Striving to be sustainable
University promotes new green initiatives, faces mixed reactions on Grounds
The Board of Visitors agreed in June to cut the University's greenhouse gas emissions by 25 percent by the year 2025, citing the school's "tradition of environmental stewardship" and pledging to reduce annual greenhouse gas emissions to 250,000 metric tons from 2009 levels of 330,000 metric tons.
Concern about lowering the University's environmental impact extends to more than this single issue, however. The U.Va. Beyond Coal campaign wants the University's coal plant retired, and some students are opting to pursue a newly-developed minor in global sustainability.
"Try Just One"\nStudents reaching for paper towels in bathrooms around Grounds may notice a sticker advising them to "Try Just One." These signs are the work of the University Committee on Sustainability, which works toward reducing the University's carbon footprint and building awareness about sustainable measures.
As part of its "See Why" campaign, the committee placed 2,000 "Try Just One" signs on paper towel dispensers around Grounds. The signs encourage bathroom users to use only one paper towel when drying their hands. Since paper towels cannot be recycled, cutting consumption of paper towels reduces waste and saves both trees and money.
The campaign is also responsible for some 20,000 "Flip the Switch" signs above light switches in classrooms. These stickers encourage students and teachers to turn off lights when exiting a room.
A third sign posted around Grounds by the campaign reads "Choose to Reuse" and encourages students and employees to invest in reusable items, like durable water bottles, instead of single-use items, and to reuse other items when possible.
"It is called the 'See Why' campaign because the signs encourage readers to 'see why' their actions matter by visiting the University's sustainability website," said Ida Lee Wootten, director of community relations in the University's Office of Public Affairs. "We're still in the process of having the signs installed in buildings across Grounds, and the goal is to have all the signs up by Campus Sustainability Day on Oct. 26."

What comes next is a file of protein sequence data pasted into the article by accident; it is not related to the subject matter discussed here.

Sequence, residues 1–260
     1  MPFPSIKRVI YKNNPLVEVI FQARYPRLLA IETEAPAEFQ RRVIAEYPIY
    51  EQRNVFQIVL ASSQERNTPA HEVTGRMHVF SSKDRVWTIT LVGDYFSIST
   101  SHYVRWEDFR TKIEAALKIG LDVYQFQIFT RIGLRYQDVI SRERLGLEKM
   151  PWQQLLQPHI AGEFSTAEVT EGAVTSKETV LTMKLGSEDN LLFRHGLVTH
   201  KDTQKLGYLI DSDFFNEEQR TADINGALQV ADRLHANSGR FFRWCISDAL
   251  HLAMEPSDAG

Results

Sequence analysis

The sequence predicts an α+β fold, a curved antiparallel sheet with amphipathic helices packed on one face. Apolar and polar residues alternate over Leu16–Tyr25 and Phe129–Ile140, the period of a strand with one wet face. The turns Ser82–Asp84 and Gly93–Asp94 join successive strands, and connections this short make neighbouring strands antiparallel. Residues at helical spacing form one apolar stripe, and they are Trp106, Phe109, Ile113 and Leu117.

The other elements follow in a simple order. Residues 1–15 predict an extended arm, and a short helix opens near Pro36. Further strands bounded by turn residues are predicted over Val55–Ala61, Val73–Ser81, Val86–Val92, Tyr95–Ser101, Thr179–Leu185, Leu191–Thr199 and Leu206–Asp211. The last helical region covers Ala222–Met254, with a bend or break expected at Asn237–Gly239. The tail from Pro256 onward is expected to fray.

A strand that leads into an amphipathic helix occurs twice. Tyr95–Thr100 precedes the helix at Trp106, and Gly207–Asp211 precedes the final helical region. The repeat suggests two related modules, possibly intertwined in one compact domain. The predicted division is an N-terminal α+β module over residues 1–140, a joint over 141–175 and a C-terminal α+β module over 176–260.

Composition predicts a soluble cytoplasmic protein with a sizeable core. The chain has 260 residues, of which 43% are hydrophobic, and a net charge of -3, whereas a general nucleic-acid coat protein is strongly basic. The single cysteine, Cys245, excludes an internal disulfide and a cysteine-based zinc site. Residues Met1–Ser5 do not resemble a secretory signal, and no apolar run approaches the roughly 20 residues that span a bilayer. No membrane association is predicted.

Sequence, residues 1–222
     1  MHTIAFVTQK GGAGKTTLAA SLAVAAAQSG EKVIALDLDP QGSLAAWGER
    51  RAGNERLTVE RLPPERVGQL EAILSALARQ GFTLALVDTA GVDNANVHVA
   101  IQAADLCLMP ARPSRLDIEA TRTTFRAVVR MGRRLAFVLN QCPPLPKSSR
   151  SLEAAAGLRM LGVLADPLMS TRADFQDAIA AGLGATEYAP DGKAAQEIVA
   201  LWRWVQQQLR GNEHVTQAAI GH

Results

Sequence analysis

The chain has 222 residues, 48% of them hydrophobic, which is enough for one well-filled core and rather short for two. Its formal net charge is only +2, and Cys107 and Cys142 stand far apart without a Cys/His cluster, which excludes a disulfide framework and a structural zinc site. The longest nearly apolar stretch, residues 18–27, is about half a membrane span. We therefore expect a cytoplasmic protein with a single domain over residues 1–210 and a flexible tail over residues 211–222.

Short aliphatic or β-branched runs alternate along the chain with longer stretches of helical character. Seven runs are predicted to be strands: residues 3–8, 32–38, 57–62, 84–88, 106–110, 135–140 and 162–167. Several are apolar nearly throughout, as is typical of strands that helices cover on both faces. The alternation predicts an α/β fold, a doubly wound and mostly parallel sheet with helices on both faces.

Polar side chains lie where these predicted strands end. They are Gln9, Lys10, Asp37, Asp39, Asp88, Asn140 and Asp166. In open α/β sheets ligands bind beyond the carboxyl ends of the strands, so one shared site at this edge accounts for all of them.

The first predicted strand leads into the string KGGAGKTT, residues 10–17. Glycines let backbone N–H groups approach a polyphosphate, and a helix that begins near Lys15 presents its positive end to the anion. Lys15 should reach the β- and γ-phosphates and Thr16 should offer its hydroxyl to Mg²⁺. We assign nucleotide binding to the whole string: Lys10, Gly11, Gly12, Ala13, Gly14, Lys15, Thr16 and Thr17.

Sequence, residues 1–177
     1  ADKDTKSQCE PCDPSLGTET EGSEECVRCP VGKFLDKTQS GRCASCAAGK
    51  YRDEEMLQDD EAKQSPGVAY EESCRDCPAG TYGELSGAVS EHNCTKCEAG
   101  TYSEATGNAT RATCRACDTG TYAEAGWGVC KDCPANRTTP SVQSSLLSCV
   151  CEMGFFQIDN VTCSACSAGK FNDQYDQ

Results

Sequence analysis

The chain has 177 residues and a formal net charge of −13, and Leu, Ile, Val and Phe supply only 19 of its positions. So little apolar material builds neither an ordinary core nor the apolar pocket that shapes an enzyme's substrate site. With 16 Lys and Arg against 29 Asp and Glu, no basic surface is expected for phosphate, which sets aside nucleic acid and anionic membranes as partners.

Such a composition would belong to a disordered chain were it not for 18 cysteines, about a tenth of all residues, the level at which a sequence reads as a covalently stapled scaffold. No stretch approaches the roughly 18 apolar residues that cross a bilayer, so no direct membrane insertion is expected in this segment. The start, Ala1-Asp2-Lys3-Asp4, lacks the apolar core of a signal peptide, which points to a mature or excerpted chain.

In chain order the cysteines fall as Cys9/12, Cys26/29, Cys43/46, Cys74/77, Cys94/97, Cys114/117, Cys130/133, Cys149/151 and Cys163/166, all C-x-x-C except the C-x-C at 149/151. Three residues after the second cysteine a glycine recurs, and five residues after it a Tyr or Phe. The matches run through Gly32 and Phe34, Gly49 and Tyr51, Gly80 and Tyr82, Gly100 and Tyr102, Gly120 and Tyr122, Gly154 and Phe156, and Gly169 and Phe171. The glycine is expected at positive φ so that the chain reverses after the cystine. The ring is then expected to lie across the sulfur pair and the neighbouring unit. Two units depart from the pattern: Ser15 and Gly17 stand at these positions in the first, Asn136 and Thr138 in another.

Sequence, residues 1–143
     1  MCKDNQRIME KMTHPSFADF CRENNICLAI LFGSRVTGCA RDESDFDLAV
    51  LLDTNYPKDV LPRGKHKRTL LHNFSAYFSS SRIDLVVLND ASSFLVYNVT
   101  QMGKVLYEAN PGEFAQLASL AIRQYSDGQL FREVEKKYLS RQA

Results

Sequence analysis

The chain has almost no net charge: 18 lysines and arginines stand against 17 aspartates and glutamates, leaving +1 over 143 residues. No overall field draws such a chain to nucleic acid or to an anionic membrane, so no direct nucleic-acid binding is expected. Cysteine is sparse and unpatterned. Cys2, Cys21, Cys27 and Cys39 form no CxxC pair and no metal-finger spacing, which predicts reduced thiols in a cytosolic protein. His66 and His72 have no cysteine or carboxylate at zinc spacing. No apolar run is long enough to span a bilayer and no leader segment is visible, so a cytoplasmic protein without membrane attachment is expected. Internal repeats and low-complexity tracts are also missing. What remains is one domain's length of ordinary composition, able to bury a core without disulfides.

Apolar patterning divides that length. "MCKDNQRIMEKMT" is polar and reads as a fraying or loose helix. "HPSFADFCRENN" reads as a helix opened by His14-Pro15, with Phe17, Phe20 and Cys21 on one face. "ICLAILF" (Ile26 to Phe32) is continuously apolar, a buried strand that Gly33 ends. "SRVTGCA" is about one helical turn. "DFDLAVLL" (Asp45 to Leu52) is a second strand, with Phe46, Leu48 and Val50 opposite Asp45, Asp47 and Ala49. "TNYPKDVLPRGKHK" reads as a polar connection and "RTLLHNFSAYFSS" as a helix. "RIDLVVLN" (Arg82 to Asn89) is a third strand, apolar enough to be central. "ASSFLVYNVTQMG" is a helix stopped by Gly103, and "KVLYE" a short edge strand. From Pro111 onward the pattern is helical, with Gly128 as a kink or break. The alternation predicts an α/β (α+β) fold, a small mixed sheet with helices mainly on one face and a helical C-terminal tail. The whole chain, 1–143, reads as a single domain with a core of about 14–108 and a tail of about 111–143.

Second-year Engineering student Dyanna Jaye said she thinks the "See Why" campaign is a successful initiative.
"Everyone always has so much going on, especially here at U.Va ... and those signs with the images get it in your mind that it's an issue that's affecting all of us," Jaye said.
Looking beyond coal\nA growing number of students have been speaking up about a campaign called U.Va. Beyond Coal. Last fall, University student activists joined the Sierra Student Coalition's Beyond Coal campaign, which works to phase out campus use of coal power.
"Sixty or so colleges and universities in the U.S. ... have coal power plants on their campuses, of which U.Va. is one," U.Va. Beyond Coal President Kenneth Hawes said. "[The University] prides itself on its sustainability initiatives, but it's really falling behind when it comes to coal."
Coal burning produces many harmful chemicals and carcinogens, including mercury. The University's coal plant is located across from the hospital.